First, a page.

4 PART 1. Planning Investigations GRADE 11 The school forest will not be safe for the students to work in until the ice has melted so they decide to start by testing the strength of each tree species in an indoor experiment. They will do this by measuring the force needed to break the wood of each tree species, as shown in the diagram below. The downward arrow indicates the force. For each wood sample students will increase the amount of force until the wood breaks. Students will measure the force needed to break material across its width. applied force wood sample supports lab bench 1. The students collect pieces of wood from each tree species. The pieces are all different shapes and sizes. They want to compare the strength of all these species in a controlled experiment. Describe how they should prepare the pieces of wood and how many samples of each species are needed to conduct their experiment. Broad Area of Inquiry 2: Planning in Critiquing of Investigations Inquiry Construct 5 (DOK 3): Develop an organized and logical approach to investigating the question, including controlling variables Answers should show that students understand the concept of a controlled experiment. They need to indicate that size and shape need to be the same and they need more than one sample, preferably at least three. This is an opportunity to discuss with students the importance of carefully reading the question so that they understand what is being asked. Example answer: To compare species strength all boards should be the same size and shape and three replicate boards should be prepared for each species. 4

5 The results of the strength analysis are recorded in Table 2. Stronger wood requires more force to break. Table 2. Species strength for tree species found in the school forest. Species Force needed to break wood, in Newtons /sq mm American Beech 100 Paper Birch 86 Yellow Birch 116 Balsam Fir 53 Sugar Maple 107 Red Spruce 70 5

6 2. Organize the data from Table 2 into a graph to compare the strength for each species. Broad Area of Inquiry 3: Conducting Investigations Inquiry Construct 8 (DOK 2): Use accepted methods for organizing, representing, and manipulating data. Students need to represent the data accurately in an appropriate graph. For this information a bar graph is preferred. Graph must have a title, labeled axes, and an appropriate scale for the range of data This is an opportunity to remind students to use the whole graph area provided so that their graph is clear and to discuss independent and dependent variables and x and y axes. Labels should be complete and informative. Example graph below: Force (Newtons / sq. mm.) Wood Strength for Six Tree Species 6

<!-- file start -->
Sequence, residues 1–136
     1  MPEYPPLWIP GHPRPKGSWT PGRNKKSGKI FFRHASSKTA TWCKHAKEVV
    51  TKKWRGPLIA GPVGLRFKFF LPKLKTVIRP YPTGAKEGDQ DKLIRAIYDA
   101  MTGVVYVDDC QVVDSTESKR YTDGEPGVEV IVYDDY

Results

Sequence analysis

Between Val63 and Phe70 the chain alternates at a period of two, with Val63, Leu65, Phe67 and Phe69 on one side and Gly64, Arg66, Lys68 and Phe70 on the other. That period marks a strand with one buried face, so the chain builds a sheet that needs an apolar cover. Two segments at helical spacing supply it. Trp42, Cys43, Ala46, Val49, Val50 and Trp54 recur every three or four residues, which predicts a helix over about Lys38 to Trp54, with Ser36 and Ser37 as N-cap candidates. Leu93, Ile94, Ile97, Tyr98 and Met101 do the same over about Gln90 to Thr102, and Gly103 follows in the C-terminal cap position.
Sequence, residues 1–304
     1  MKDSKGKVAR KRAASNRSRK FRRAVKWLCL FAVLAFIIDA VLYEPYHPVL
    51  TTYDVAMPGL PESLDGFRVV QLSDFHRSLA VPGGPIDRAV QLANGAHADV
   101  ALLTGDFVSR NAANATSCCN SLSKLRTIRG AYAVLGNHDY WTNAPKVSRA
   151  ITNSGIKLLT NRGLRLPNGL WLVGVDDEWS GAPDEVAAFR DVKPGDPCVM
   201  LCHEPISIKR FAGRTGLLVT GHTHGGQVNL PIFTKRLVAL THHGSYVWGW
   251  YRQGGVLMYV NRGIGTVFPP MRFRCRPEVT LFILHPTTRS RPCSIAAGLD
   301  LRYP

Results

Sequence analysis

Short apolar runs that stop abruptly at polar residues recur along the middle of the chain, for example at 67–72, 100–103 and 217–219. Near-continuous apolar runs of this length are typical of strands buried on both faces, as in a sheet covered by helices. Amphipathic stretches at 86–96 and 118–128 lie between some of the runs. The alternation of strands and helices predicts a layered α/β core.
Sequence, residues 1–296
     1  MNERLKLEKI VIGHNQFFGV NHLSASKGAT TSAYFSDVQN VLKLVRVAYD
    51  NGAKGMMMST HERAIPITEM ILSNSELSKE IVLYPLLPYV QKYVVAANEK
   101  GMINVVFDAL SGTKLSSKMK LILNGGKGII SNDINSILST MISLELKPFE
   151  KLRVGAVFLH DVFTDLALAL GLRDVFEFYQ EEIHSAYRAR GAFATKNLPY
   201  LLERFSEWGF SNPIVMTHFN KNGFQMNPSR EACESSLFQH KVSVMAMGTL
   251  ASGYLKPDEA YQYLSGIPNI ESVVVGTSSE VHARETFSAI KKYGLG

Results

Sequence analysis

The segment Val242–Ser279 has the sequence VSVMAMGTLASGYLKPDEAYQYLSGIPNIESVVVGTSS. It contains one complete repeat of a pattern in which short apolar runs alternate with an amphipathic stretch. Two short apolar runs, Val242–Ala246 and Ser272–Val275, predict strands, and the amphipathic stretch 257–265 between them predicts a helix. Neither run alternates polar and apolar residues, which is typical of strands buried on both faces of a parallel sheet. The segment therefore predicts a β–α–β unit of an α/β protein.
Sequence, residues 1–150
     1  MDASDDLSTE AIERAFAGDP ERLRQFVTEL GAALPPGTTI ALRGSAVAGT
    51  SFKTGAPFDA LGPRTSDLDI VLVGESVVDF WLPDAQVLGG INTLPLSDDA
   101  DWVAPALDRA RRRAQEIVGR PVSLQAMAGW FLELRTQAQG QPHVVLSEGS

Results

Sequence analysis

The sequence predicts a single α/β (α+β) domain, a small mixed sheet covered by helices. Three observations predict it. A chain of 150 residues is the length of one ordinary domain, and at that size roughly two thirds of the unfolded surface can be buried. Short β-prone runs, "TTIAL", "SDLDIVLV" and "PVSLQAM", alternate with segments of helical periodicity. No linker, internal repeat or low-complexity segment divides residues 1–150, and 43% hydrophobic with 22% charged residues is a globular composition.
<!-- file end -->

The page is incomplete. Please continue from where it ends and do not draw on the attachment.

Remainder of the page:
7 3. Use the results of the strength analysis shown in Table 2 and your graph to form a hypothesis that predicts which tree species will be more heavily damaged in the forest. Broad Area of Inquiry 1: Formulating Questions and Hypothesizing Inquiry Constructs 3 (DOK 2): Make and describe observations in order to ask questions, hypothesize, make predictions related to the topic. Students need to show that they can interpret the results correctly and connect them to a prediction as to which species will be more damaged. This is an opportunity to discuss the use of scientific language for a hypothesis. Students should avoid starting statements with I believe. They can use I predict or just make the prediction (i.e. A will affect B ). Example hypothesis: I predict that Balsam Fir, Red Spruce, and Paper Birch will have more damage than American Beech, Sugar Maple, and Yellow Birch because less force is needed to break wood from Balsam Fir, Red Spruce, and Paper Birch. PART 2. Evaluating Explanations and Making Predictions The students plan on measuring trees in their own forest to test their hypotheses, yet they need to wait for spring so the ice will be melted and the woods will be safer. While they wait, their teacher obtains a data set from the Hubbard Brook Experimental Forest, in Woodstock, NH. She asks them to use this data to test their species damage hypothesis. The forest at Hubbard Brook contains the same tree species and experienced a severe ice storm in After the storm, scientists measured over 1000 individual trees for ice storm damage. The data shown below summarize the percentage of heavily damaged trees for each species. This includes trees that lost % of their crown, had the top snapped off, or were completely uprooted. 7